She kept the cactus.
Its bristles, the skeletons of flowers, protruded, naked. Its base was shriveled, the wrinkles a dull sea foam. It sat in a terra cotta pot. She scarcely remembered to water it. If not for its vibrant green bulbous, she would have been certain it was dead. Nevertheless, she kept the cactus.
She entered her office for the first time when she was hired, and it sat there on the window sill, as though greeting her and welcoming her into this new position. It was autumn and the mornings were dark. She saw its shadowy figure, lit only by a street lamp from outside. When she turned on the light, she saw its stoutness and touched the dry, gritty soil with her finger tips.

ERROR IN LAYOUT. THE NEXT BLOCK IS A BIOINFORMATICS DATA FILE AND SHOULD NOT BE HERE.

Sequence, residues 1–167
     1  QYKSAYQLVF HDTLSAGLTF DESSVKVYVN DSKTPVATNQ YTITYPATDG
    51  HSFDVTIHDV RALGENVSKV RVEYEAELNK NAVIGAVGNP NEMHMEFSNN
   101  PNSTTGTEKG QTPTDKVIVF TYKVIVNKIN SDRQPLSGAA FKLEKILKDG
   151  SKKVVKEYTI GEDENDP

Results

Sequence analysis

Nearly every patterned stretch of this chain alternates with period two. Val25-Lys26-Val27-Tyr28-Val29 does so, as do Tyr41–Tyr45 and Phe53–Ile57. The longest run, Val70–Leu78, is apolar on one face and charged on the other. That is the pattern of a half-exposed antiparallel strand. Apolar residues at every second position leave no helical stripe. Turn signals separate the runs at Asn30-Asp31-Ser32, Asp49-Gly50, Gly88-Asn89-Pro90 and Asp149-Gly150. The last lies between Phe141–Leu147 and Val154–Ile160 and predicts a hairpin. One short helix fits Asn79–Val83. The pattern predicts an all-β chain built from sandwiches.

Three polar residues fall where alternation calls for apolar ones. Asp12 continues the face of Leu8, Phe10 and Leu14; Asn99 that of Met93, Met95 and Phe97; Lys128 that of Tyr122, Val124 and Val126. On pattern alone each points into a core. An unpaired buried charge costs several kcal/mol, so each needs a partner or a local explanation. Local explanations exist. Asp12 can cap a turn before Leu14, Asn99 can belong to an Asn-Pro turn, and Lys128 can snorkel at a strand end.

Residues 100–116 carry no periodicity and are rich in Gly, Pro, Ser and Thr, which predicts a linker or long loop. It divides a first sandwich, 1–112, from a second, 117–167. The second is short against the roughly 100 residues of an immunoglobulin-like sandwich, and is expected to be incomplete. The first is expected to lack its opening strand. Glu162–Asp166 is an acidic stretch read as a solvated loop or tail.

She glanced at the cactus from time to time. She even decorated it for Christmas with teeny, tiny artificial Christmas lights –a festive novelty necklace she owned. When winter was still thick, insistent, un-ending the only source of life, the only greenery she could see, was her cactus. It was unaware of the cold, unaware of anything, except the warm sunbeams, of its pot sitting atop the heater. There was a naivety in house plants; a childhood innocence. This was why she had always loved them.